What is the power of collective leadership in shaping the culture of a school and improving student learning? Do strong education leaders enhance or diminish collective leadership?
During the next two months, members of the CTQ Collaboratory will explore the idea, benefits, and implications of collective leadership in the teaching profession.
In his blog post kicking off the roundtable discussion, CTQ’s Kristoffer Kohl—who will be leading with Illinois teacher Brian Curtin—points to the necessity of education to move beyond elevating only rockstar teachers. Instead, we should seek to celebrate and build collective leadership to elevate the profession. He posits: “By expanding our leadership lens to include instructional coaches, administrators, and policy advocates, we see teacher leadership as part of a web of support and collaboration that enhances the ability of teachers to improve their practice.”
Please share your thoughts and experiences by commenting on these blog posts, joining the conversation in the CTQ Collaboratory, and inviting people to join the discussion on social media with #CTQCollab. Follow CTQ on Facebook and Twitter to see when each new blog is posted.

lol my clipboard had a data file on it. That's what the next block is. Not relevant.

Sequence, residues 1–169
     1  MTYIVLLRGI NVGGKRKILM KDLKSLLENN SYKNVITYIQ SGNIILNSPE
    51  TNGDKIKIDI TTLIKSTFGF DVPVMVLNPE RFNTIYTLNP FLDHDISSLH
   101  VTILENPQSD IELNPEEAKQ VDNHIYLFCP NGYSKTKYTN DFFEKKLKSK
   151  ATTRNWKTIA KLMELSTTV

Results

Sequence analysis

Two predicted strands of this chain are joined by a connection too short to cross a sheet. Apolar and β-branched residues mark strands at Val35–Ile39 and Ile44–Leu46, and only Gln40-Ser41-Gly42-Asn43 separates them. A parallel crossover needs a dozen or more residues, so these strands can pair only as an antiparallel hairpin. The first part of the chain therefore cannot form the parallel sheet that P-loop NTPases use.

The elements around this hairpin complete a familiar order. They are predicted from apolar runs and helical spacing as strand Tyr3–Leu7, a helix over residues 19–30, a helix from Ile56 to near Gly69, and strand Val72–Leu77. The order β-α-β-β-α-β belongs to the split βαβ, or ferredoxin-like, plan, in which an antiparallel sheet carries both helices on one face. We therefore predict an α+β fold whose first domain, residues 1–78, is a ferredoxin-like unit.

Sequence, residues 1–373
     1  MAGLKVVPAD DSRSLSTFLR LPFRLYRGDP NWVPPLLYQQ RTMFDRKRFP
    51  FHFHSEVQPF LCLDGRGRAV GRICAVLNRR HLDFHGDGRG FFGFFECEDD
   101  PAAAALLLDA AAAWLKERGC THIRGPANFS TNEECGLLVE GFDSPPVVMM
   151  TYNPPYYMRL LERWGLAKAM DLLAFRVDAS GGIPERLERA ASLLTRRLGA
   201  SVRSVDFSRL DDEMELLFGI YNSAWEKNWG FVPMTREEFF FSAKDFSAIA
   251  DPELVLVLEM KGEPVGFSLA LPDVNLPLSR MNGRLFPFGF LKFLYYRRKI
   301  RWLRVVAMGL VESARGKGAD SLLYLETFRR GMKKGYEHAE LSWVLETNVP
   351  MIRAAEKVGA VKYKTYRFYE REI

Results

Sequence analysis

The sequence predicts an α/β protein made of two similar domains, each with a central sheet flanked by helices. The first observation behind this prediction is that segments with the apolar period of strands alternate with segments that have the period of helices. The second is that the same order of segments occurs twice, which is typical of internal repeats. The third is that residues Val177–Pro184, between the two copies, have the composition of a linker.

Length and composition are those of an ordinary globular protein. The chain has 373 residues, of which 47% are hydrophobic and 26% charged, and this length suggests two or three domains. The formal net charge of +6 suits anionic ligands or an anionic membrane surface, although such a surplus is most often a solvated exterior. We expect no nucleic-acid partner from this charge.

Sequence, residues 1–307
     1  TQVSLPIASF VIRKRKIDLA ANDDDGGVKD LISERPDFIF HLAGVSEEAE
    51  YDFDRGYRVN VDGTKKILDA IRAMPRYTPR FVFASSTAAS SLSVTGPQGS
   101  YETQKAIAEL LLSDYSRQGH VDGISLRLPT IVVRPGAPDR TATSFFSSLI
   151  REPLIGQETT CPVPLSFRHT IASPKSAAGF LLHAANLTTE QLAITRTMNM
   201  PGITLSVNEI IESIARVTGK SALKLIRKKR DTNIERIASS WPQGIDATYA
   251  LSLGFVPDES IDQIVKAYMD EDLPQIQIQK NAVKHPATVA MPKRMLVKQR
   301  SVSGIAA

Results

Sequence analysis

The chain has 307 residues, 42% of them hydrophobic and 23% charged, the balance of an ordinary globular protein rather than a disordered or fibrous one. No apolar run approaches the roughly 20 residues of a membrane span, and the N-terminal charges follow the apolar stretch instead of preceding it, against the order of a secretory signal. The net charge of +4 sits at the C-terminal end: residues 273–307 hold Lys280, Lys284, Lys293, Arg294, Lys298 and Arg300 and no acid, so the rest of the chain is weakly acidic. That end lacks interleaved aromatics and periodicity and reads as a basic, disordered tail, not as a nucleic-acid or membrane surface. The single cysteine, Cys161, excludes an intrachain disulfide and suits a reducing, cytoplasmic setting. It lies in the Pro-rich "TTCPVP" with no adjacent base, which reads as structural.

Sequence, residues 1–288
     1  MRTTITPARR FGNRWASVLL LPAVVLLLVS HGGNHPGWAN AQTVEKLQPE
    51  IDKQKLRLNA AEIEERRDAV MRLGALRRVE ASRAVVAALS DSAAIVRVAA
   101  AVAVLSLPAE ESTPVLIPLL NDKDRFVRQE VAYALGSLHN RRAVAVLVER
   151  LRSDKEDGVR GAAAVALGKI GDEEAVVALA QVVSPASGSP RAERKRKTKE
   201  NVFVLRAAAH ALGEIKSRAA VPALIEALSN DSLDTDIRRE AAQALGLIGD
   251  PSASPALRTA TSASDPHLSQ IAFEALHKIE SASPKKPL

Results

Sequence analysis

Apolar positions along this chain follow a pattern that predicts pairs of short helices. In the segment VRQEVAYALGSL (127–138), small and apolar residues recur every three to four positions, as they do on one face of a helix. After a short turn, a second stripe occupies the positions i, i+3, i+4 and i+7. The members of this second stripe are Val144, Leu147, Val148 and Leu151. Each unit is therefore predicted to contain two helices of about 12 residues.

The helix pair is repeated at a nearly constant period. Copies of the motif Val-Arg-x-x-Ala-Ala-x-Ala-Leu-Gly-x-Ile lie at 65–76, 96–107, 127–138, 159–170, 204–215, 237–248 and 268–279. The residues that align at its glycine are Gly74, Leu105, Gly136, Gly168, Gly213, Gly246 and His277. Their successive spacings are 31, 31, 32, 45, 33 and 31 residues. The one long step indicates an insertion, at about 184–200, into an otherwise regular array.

- Barnett Berry: Meet Brian Curtin, blogging lead for the collective leadership roundtable discussion
- Barnett Berry: Collective leadership: Blurring boundaries and creating conditions for teachers and principals to lead together
- Brian Curtin: Collective leadership: A call to action
- Tricia Ebner: Three keys to foster collective leadership
- Rebekah Kang: 10 actions to build a culture of collective leadership
- Jessica Keigan: Confessions of a control freak
- Kristoffer Kohl: What Hollywood gets wrong about transforming schools
- Justin Minkel: Go far together: Lessons in collective leadership
- Elizabeth Sheehan: From catalyzing to implementing: Creating partnerships for change
- Nader Twal: Building collective leadership from the central office